Tuesday, June 14, 2011
Never Waste a Teabag
This is a story of progressive frugality. One learns as one goes along.
I have always used teabags twice when possible to save money; that's nothing new. One day as I was about to toss a twice-used teabag into the garbage, I happened to think that the string might be useful for something. Granted, it was a short piece of string, but I thought several could be tied together to use... well, to tie things together or something. With no more thought than that, I started saving them until I had a handful, then sat down and tied them together and wound them into a small ball.
I could almost say "end of story" and stop there, except that I was cleaning out a shelf and found an old dust mop cover (a real dust mop, for those of you who think they are disposable) that I had made from a skein of unwanted cotton yarn. I wondered if I could ever get enough teabag strings together to make another one. (Yes, I still have the same dust mop from at least 20 years ago.)
Why not? So I started saving teabag strings without tying them together and now I have a pretty big handful.
Then, one day, again as I was about to toss a used, now stringless, teabag, I happened to think that, since I throw looseleaf tea onto the compost, I could just as well throw teabags on the compost. Eventually I discovered that the bags take a lot longer to decompose than I wanted to wait. Next step: Let each teabag dry so I could rip off the end and dump the tea out. Now there was only the tag and the empty teabag to throw away.
I did this for awhile, then, as my mind slowly progressed to more frugal ways of looking at teabags, one day I decided to see if I could save an empty teabag to reuse. I could. I cut a narrow strip across the top of the teabag and dumped the contents out. The teabag seam stayed crimped. Now all I have to do is put my own tea, herbal or otherwise, into the teabag, fold it again and staple it at the top, just like it came originally.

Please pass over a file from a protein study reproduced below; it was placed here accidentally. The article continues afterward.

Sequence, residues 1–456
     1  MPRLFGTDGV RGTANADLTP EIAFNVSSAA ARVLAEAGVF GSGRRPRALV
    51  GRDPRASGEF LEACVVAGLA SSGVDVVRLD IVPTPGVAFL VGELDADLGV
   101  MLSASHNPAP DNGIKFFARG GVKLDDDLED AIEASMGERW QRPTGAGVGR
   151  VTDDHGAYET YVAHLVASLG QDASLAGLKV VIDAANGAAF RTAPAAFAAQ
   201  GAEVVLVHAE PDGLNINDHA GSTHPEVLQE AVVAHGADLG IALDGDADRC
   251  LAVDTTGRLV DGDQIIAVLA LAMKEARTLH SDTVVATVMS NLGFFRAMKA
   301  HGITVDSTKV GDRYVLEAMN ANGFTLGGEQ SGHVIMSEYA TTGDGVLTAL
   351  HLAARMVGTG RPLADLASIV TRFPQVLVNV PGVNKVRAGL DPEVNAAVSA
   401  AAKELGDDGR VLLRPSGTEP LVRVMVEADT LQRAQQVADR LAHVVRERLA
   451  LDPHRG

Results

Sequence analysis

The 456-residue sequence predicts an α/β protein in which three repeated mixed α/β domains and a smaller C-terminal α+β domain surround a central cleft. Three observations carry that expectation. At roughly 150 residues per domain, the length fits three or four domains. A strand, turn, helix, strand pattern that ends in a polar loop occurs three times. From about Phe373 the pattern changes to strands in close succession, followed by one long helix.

So now the process goes like this: One teabag, used for two cups of tea, go on a clip on the stove where it can dry thoroughly. Once it's dry, which takes a couple of days, I take it down, pull the string off (still don't have enough for a dust mop cover) and cut carefully across the top. I then empty the dried tea leaves into a container, fold the teabag and put it away with the others, to be used as the summer produces herbal tea material. Eventually, I empty the container into the compost and start over.
Now I'm trying to come up with some way to fasten the teabags without having to use staples. Glue either isn't safe to imbibe or dissolves in boiling water, so that's out. Any other ideas?
EDITED: I went ahead and used staples and made teabags from loose dried hibiscus flowers. It worked very well! I will continue to save teabags! :)